The structure of the book is unusual and it brings an immediacy to the means by which Lucia gathers the information. The story is told with alternating points of views, from the first person interviews of the students, faculty, and parents to the narrative of Lucia’s investigation in the third person. It is very effective, especially as it is the words of those involved who move the story further and further away from the obvious solution presented in the beginning of the story.

Death by A THOUSAND CUTS is a perfect description of what happens to those who are hounded by those without a moral compass. It is a police procedural only in the most general meaning. It is really about heroism in facing the thing one most fears. There are few who are innocent and many who are guilty because they turned the other way. From the first page, the reader will be compelled to continue to the end.

The book is an indictment of society. Bullies seek out the weak and they are enabled by the adults who tacitly and overtly encourage it and by parents who don’t demand moral responsibility from their children and adults in leadership positions who are afraid to take on the bullies for fear of being bullied themselves.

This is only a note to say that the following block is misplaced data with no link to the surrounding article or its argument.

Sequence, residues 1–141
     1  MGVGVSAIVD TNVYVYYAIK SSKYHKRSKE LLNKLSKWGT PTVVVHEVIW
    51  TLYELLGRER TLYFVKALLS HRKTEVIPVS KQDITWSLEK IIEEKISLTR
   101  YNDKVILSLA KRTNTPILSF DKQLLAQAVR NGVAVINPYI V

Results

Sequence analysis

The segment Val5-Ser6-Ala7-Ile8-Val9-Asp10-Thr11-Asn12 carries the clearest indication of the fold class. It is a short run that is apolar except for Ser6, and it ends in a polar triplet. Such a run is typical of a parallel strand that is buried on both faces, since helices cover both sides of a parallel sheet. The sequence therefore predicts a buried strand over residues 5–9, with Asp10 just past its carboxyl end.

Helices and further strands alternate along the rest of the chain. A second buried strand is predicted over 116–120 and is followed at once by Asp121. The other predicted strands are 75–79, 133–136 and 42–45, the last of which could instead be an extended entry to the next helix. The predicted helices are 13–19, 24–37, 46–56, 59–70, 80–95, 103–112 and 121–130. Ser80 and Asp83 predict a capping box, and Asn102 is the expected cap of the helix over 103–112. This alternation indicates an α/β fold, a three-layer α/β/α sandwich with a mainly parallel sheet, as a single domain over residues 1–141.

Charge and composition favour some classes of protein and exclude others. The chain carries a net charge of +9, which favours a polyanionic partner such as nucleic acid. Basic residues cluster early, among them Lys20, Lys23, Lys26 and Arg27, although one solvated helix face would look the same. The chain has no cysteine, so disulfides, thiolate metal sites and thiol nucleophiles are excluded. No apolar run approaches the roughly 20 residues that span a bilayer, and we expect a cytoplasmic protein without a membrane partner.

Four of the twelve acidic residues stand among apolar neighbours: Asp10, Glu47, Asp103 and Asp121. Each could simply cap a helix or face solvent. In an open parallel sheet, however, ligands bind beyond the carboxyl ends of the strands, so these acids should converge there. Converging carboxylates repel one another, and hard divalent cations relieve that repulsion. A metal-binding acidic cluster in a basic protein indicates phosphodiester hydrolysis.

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1222 – ANNE HOLT

1222 is a book that hooks the reader from the very beginning.  “As it was only the train driver who died, you couldn’t call it a disaster.  There were 269 people on board when the train… came off the rails and missed the tunnel through Finsenut. A dead train driver comprises only 0.37 percent of this number of people.”  The narrator of 1222 is retired police inspector Hanne Wilhelmsen.  Confined to a wheelchair after a bullet shattered her spine, Hanne is traveling from Oslo to Bergen to meet with American doctors attending a conference. The derailment forces her to share space with the other passengers, far more than an inconvenience for a woman who has shunned people for most of her life.  Hanne is not interested in other people but she is a trained and talented observer.

The blizzard that led to the derailment forces the passengers to stay at the hotel  that was built as part of the station.  It will likely be days before help can reach them.  The storm makes it impossible for helicopters to land.  The derailed train prevents rescue from one direction and the depth of the snow prevents it coming from the other direction.  Roads have been shut by the storm and by order of the government because of the danger to life inhrent in being in the open.  Life in Norway has come to a stop with this “once in a century” storm.